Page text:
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Review : The Runner – Shudder Short Worth a Peek

Enter Boy Harsher. In anticipation of their latest album, they have created a horror movie short to accompany. 


What is so wonderful about the world of cinema? There are so many wonderful and exciting things you can do on film. Experimental projects are a tough chance. Some of them can soar on the wings of creativity and bold drive. Others can crash with the weight of abstract elements or idiosyncrasies. But that is what is so great about film! You can do so much. Enter Boy Harsher. In anticipation of their latest album, they have created a horror movie short to accompany. 

But is this a worthy effort with this new film, The Runner? This film works on two narrative plains. The top layer is a strange and dangerous woman making her ways through a small rural town. What is she up to? Bad things. This narrative is unstructured and free flowing but what triggers her actions is the music of Boy Harsher. The secondary layer of the narrative is the band preparing and performing on public access television. Their music is the driving force that compels the actions of this strange woman. What are her actions? Violence and murder.

Do these webs tangle well together? Boy Harsher act as the director of the film as well and they bring a grungy and old school feel to the film. The grainy cinematography is reminiscent of 70’s and 80’s horror. The feel of the film is atmospheric and haunting at every moment. The film is unnerving and scary as it channels those same old school horror films with some graphic gore of practical effects. The horror elements work well but the music really soars. These are some banger songs (every single one). Each song is played over the primary narrative but then they offer some great music video type visuals as well.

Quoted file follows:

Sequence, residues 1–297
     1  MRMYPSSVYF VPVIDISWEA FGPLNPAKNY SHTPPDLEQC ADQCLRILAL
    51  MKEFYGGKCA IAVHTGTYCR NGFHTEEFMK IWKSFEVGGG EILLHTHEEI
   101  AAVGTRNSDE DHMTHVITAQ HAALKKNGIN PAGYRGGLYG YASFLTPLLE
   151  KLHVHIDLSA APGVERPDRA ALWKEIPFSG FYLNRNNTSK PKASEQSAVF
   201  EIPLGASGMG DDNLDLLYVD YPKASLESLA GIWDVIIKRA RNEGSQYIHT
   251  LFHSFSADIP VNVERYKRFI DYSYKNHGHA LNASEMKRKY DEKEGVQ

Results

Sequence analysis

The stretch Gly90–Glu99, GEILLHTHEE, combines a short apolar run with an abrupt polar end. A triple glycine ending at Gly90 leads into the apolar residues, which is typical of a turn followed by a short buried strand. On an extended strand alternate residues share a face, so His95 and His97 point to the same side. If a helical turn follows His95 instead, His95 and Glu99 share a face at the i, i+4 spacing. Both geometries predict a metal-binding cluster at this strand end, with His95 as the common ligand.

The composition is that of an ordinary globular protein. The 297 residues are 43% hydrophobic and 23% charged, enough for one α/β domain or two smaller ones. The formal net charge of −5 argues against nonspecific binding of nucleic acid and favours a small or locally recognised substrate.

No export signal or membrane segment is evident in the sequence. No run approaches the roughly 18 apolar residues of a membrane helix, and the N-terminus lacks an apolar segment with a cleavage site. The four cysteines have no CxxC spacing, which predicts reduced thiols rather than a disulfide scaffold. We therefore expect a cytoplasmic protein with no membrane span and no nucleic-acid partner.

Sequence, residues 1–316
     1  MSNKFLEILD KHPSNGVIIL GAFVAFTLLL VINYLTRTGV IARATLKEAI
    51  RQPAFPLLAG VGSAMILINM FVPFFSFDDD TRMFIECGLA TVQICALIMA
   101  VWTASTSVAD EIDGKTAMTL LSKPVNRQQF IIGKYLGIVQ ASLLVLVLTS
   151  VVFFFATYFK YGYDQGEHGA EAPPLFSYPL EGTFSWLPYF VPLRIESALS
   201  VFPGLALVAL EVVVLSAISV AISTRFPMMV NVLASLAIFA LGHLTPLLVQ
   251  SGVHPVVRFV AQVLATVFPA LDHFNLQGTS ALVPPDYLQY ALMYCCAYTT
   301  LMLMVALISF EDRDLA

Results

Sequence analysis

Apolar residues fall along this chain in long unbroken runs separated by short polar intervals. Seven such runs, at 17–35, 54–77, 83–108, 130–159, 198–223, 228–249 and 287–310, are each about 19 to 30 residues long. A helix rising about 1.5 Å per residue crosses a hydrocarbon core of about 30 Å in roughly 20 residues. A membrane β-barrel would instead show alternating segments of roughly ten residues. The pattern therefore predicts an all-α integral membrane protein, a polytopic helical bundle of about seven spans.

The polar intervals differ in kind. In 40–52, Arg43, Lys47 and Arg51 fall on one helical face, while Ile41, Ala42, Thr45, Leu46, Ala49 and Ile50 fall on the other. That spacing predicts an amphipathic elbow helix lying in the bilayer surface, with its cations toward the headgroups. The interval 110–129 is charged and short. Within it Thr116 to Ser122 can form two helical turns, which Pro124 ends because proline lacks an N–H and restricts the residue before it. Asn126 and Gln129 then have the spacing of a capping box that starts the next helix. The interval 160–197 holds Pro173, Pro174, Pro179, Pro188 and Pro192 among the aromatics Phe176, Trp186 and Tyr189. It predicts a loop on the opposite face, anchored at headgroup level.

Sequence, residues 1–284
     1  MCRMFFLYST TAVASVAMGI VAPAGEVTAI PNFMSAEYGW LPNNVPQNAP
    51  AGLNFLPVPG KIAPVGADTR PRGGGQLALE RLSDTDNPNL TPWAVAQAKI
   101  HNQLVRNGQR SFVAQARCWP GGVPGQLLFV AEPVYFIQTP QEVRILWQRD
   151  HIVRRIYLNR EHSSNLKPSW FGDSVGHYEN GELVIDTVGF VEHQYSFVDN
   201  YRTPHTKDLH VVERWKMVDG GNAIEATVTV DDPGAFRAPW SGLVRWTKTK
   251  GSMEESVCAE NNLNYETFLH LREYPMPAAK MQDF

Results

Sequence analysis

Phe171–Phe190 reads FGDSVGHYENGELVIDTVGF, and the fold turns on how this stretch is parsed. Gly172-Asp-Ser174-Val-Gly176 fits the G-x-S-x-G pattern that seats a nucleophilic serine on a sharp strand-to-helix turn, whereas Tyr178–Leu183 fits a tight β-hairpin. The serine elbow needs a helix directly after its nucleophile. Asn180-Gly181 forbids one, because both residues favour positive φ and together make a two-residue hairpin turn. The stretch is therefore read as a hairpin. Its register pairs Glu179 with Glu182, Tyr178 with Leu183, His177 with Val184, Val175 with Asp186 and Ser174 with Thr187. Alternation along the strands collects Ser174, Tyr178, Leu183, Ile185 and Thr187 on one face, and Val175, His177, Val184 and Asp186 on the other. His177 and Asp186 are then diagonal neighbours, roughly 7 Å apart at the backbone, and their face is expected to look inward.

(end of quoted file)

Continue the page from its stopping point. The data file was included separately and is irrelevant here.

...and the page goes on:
But what doesn’t work so well? The film basically has no narrative to speak of. The music and the horror are what drives the film. For a 38-minute short film, a well-paced and structured story might not be essential, but this film certainly makes zero effort to deliver an engaging narrative. The real drive is the psychological reactions that Kris Esfandiari’s protagonist has to the music and the lyrics. This is an effective and haunting poem in visual motion.

Is this short film for everyone? Not quite. But if you are into some great synthesizer music and slasher horror, this is a fun ride. You won’t be treated to an interesting or engaging story, but you will have plenty of atmosphere to enjoy. Check out this exciting new experiment over on Shudder. 

Review : Beyond the Infinite Two Minutes – Great Scott!

Jamie Lee Curtis, Blumhouse team for The Sticky